A citrus tree disease responsible for destroying citrus trees in Florida, Africa, Asia, and South America has been found in Texas.

The Texas Department of Agriculture and the USDA Animal and Plant Health Inspection Service have confirmed their finding of citrus greening, a destructive bacterial citrus disease.

The disease poses no threat to human health and does not damage the fruit, but does do severe damage to the trees.

A section of Hidalgo County has been put under temporary emergency quarantine, meaning that any plants that can host the disease and are within a five-mile radius of the infected tree cannot be moved from the quarantine area. Citrus fruit taken from trees in the area cannot contain any leaves or debris before being taken from the quarantine area as well.

“Recognizing other states and countries have dealt with citrus greening for years, we have trained and prepared for this possibility,” Texas Agriculture Commissioner Todd Staples said. “It is important to remember the oranges and grapefruit produced in Texas are safe to eat.”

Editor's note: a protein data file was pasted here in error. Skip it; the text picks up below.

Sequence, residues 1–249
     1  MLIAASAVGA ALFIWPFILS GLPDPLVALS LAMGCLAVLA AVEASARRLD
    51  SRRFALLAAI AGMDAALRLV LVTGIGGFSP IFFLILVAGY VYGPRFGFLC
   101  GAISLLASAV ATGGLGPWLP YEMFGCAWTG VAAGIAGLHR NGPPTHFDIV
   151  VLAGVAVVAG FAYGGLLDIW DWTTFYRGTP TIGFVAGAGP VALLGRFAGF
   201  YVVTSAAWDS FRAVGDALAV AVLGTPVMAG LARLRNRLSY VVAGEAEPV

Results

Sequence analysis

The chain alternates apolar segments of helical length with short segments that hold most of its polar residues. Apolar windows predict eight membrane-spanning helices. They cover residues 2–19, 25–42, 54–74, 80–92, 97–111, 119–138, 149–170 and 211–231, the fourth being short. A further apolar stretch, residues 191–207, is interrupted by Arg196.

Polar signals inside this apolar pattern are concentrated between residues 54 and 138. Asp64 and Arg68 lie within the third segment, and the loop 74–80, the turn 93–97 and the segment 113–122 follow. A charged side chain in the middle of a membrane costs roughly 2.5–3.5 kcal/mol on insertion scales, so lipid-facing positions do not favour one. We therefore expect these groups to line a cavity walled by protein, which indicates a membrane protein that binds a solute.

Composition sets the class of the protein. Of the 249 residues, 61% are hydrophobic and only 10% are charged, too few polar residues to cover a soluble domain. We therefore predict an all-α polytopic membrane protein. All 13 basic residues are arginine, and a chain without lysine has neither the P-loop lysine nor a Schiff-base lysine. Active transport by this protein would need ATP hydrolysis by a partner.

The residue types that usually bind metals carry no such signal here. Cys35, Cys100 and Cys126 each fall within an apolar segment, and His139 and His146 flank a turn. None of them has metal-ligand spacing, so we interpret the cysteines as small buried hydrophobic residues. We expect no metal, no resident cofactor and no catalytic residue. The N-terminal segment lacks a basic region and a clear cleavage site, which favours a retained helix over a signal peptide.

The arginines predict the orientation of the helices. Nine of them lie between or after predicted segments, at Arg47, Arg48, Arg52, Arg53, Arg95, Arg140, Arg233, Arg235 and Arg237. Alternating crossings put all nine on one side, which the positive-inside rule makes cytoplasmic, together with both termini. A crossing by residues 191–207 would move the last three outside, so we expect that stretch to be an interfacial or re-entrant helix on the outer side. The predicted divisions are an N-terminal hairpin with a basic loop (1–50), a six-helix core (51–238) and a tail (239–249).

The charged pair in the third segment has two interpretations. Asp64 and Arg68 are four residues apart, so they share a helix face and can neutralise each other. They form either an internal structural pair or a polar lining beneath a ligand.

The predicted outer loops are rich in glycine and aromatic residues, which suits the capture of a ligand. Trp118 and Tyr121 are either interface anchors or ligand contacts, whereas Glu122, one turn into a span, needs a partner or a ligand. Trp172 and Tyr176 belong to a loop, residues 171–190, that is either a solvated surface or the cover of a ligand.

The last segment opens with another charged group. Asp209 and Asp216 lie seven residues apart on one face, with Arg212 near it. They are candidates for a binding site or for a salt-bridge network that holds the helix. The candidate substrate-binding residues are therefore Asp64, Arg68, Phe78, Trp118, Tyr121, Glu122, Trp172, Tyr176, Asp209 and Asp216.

Citrus greening attacks the vascular system of plants, and there is no cure for a tree once infected. The bacterium is transmitted by an insect called the citrus psyllid. Other states with confirmed citrus greening are Florida, Georgia, Louisiana, and South Carolina.

Symptoms of the disease include yellow shoots, twig dieback, tree decline, and reduced fruit size and quality. Older leaves become mottled or discolored, and the fruit drops off before ripening.

Citrus greening was first found in a tree in a commercial orange grove in San Juan. Texas is the second-leading grapefruit producing state in the country, and third in orange production.